“A (finger) ring on a 1 square meter bed would be less than 1 second [to print] per part,” Hopkinson explained to 3DPrint.com. “A tennis ball might be a couple of minutes per part and a fully assembled chair would take a few hours unless chairs could be stacked in the build. A flat pack chair would probably take minutes per assembly, depending on the ability to pack parts in the bed. Please note these are production RATES; it will not be a case of pressing “play” and then having a tennis ball appears after 2 minutes, it will be more like 100 tennis balls will appear in ~3 hours.”
The HSS process is a perfect example of ‘economies of scale’ at play. As more items are packed onto the build platform the average production time it takes per item rapidly decreases. Because of this, Hopkinson believes that the technology will accelerate the adoption of additive manufacturing substantially.
“The cost and time points offered by this will see AM apply to high volume production, allowing affordable functionally personalized footwear through to lighter parts in high volume automotive,” explains Hopkinson.
The University of Sheffield, nor Hopkinson plan to sell these machines, instead opting to license the technology to larger corporations who can do the leg work for them. In fact, German-based 3D printer manufacturer voxeljet is already on board. The very first HSS printer will officially be launched sometime in 2017 if all goes as planned. This also happens to be only a matter of months after HP is expected to launch their high-speed 3D printers, which certainly has some of the larger players within the industry a bit nervous. With all this in play, one has to wonder if perhaps Stratasys or 3D Systems may look toward HSS as a way to compete. Hopkinson wouldn’t divulge which companies they were in discussion with but did have the following to say:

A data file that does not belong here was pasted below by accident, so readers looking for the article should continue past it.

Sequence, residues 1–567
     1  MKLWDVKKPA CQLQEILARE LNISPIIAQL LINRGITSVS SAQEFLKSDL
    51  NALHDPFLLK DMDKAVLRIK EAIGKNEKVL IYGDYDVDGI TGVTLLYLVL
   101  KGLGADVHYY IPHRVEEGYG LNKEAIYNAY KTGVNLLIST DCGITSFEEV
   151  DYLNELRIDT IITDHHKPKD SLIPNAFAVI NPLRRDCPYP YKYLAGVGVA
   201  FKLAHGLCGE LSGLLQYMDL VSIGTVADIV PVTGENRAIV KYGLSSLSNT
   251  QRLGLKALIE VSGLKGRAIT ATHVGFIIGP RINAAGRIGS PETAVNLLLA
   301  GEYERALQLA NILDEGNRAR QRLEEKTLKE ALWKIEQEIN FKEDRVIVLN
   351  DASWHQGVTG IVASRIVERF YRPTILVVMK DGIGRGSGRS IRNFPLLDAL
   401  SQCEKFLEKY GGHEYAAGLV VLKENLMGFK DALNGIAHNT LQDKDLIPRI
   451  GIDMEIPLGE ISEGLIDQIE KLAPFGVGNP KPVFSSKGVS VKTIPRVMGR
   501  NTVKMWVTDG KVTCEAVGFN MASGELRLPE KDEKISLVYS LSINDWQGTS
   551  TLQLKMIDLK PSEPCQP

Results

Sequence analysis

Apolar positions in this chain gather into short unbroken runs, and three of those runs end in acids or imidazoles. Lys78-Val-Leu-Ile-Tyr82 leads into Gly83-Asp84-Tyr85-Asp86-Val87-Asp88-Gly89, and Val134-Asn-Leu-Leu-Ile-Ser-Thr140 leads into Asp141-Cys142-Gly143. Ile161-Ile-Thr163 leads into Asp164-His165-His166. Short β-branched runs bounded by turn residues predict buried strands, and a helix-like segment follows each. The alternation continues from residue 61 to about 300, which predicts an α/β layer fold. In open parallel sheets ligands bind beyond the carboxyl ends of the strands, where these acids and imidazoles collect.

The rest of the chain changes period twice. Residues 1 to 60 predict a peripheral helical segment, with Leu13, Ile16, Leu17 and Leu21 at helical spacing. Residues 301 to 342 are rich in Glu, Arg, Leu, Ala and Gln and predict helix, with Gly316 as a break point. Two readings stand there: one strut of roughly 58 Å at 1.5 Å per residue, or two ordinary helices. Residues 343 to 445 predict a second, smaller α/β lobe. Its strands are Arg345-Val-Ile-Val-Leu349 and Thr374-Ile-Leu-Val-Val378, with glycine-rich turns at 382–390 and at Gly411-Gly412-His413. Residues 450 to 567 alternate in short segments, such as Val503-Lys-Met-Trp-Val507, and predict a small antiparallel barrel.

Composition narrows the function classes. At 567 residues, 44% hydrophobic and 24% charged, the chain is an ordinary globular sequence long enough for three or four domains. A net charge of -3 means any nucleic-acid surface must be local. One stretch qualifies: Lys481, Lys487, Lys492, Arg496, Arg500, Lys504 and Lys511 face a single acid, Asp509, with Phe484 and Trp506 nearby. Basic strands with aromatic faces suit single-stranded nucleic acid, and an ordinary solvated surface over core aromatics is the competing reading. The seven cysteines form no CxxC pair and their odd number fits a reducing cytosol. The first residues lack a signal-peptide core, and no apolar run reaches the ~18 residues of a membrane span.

“My colleagues at Loughborough University (who own the base patents as that it where I worked when we first filed) are working with a number of organisations to license and commercialise the technology. The versatility of the process lends itself to multiple vendors supplying to different target markets; some will make very large machines, some will make small machines, some will specialize in certain material types etc. With UK government (EPSRC) funding, we are making a large machine that will also enable embedding of electrical functionality in parts.”
We are about to enter a very exciting time within the industry. With numerous rapid printing technologies in the works, many large corporations about to enter the space, and investment dollars continuing to flow in, the next two to three years are going to see exponential change. So when can we expect to see an HSS printer sitting on our own desktop at home? Perhaps sooner than you would have imagined. When I asked Hopkinson if such a printer could be scaled down to work on the desktop his reply was quite optimistic:
“Yes, the beauty of inkjet printing is that it is scalable from small to very large in the 2D printing world, I see it doing the same in the 3D printing/AM world.”
What are your thoughts regarding the future of this technology within both the manufacturing and hobbyist spaces? Discuss in the HSS 3D Printer forum thread on 3DPB.com. Check out the video below describing the HSS process: